When I say that (English) Canada was founded by Americans, I don't mean the people you meet in, say, Kentucky today. I mean people with a certain set of experiences and assumptions, in common with others who lived in places that are today the United States, but had a different opinion of the necessity of the Empire, and moved to another part of North America to live in accordance with those opinions. In a way, that is exactly what Laura is doing, though not, I think, because she has some attachment to the Crown... but rather, to values being given the force of policy here, but not currently in the United States. In that, she is very much a Late Loyalist... the object of her loyalty may be different, but the tradition is a long and honourable one, and she and Allan are treading a path northward well-worn by the feet of hundreds of thousands of their countrymen over the centuries.

None of this is to belittle or ignore the contributions of Natives, the French, British newcomers, or those who followed. But the basis of the country is what it is; we speak, think, and act a certain way because of it. To deny it just because we don't like a word or the flavour of it is a disservice to those who came before us and ourselves today.

L-girl said...

Thank you both so much for this intelligent and enlightening discourse. You may know from reading wmtc that I love history, I read lots of it on my own, so I find this discussion fascinating.

This exchange is also a brilliant example of what's best about the internet and the blogsphere (those ridiculous people who insult me because I'm leaving the US being exactly the opposite).

Plus Loneprimate spelled both our names correctly! Snaps for that.

L-girl said...

However, if Ann Coulter said "2+2=4" she would probably add, "Except for stupid liberals who think that 2+2=welfare and I wish they had all been blown up on 9/11!"

Lone Primate said...

However, if Ann Coulter said "2+2=4" she would probably add, "Except for stupid liberals who think that 2+2=welfare and I wish they had all been blown up on 9/11!"

Wow, I could hear her voice and envision the smirk, eye-roll, and hair toss as I read that. You sure it's not a direct quote? :)

L-girl said...

:-)

Anonymous said...

I think a lot of the problem with this argument is poor word choice, to say "Canada was founded by American's" brings into debate two issues:

1. The argument that American refers to people from North America and not just the USofA

2. That the people that left the US (United Empire Loyalists) could acutally be called American's in the narrower definition of the word.

These people left the US because they still felt pride in their monarch and did not want to cut their ties with Great Britain. So could you really call them american's?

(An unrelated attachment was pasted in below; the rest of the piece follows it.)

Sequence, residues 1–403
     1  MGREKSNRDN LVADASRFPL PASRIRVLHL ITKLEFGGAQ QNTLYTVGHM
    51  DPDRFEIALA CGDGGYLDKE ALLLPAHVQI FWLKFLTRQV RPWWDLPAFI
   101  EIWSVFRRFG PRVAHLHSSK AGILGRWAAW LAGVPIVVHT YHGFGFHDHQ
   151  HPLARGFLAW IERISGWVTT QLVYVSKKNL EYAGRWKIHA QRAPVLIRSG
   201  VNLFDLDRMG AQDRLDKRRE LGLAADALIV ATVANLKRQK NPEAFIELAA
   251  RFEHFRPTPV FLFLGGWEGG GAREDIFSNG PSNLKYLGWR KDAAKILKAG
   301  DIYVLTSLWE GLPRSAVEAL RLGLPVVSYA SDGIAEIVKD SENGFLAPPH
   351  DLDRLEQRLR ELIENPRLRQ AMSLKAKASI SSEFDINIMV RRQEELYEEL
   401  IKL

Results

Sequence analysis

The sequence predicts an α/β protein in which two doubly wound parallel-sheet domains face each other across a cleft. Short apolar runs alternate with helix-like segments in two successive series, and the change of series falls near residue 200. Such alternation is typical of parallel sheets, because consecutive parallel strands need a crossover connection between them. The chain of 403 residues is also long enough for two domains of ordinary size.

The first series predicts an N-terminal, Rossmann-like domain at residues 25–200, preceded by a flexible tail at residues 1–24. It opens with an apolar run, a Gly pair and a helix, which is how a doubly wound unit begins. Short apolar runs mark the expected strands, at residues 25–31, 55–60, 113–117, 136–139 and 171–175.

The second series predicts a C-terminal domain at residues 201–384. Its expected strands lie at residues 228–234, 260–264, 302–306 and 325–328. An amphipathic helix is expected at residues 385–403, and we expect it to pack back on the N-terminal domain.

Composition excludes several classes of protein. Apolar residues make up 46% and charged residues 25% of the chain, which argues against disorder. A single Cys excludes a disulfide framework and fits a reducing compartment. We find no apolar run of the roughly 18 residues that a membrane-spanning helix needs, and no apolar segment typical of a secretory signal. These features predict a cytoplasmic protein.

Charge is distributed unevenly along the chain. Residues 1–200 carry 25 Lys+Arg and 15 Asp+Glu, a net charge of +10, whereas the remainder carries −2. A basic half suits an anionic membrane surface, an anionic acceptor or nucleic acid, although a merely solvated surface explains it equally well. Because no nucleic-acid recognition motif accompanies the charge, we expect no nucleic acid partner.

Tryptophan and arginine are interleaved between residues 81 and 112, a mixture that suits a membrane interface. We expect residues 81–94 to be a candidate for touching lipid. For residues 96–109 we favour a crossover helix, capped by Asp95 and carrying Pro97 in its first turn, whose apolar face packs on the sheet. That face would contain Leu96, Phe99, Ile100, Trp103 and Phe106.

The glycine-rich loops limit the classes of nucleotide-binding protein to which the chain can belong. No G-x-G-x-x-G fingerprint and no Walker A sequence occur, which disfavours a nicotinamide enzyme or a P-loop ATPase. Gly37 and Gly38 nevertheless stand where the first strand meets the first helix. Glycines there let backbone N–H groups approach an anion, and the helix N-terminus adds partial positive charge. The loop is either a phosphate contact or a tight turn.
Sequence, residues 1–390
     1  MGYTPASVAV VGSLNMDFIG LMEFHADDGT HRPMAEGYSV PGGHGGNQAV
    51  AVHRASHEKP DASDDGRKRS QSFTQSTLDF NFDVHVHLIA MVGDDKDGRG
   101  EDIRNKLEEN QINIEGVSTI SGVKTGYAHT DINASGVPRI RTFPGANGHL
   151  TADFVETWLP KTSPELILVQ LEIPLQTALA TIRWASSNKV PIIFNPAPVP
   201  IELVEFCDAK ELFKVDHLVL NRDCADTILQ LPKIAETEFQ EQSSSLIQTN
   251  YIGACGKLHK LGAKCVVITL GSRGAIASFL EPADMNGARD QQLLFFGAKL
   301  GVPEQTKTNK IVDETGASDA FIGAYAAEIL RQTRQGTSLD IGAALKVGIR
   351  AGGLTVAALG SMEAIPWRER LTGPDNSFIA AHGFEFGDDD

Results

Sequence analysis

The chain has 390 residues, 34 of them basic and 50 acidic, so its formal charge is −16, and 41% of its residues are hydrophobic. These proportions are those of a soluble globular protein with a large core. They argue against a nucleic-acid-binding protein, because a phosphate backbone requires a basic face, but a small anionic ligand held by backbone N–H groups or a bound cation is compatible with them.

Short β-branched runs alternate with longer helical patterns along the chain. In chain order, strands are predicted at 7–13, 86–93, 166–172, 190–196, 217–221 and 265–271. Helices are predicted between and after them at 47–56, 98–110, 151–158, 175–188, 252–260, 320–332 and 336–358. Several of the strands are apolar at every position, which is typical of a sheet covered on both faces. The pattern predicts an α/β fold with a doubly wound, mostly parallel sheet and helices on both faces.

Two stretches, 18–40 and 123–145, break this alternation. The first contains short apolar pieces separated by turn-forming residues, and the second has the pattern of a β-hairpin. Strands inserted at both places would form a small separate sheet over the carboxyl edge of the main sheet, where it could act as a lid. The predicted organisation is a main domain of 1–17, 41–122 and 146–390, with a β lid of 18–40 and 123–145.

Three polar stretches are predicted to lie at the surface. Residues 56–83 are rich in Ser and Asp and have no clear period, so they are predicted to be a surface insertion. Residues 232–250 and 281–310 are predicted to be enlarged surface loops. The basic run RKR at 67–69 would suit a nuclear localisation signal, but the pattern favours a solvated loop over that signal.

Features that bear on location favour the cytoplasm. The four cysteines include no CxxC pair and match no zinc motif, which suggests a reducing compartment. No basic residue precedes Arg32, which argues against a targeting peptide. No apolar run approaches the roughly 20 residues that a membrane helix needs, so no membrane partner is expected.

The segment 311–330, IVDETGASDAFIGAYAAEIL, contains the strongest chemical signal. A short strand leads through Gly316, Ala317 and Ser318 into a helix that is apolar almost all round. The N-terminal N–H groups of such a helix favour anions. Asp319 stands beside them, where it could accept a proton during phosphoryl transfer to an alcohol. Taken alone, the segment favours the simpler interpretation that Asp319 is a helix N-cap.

The first point has been debated b4 but I do not consider myself to be american and therefore use the narrower definition of this term.

Anyway, wow, i leave for a couple of days and huge 48 post thread happens on my favorite topic! Too bad the debate has reached it's reasonable conclusion, would have liked to spar with Rob again :) Especially being a socialist in Alberta (their are a few!).

Peter

L-girl said...

Hi Peter! I'm always happy to hear from you.

I'm sure you're right, that this is all about language and word choice. Everyone seems to agree on the historical events.

The argument that American refers to people from North America and not just the USofA

This is one of the few times where I disagree with the leftist line (and a minor point it is). Lefties from the US are always saying this - but Mexicans, Guatemalans, Salvadorans (etc etc) refer to people from the US as "Americans" and themselves as whatever nationalities they are.

I've never heard anyone from Central or South America - or a Mexican or Canadian - refer to themselves as Americans. I do think "American" means "from the US" the world over. It seems to be something only the American left cares about. That's been my impression, anyway.

Anyway, wow, i leave for a couple of days and huge 48 post thread happens on my favorite topic!

Yeah, it's been crazy! (Fun!)

Too bad the debate has reached it's reasonable conclusion, would have liked to spar with Rob again :) Especially being a socialist in Alberta (their are a few!).

I hope you'll weigh in anyway! Poor Rob, he must feel lonely. But that's what you get for being a conservative on this blog.

Lone Primate said...

This is one of the few times where I disagree with the leftist line (and a minor point it is). Lefties from the US are always saying this - but Mexicans, Guatemalans, Salvadorans (etc etc) refer to people from the US as "Americans" and themselves as whatever nationalities they are.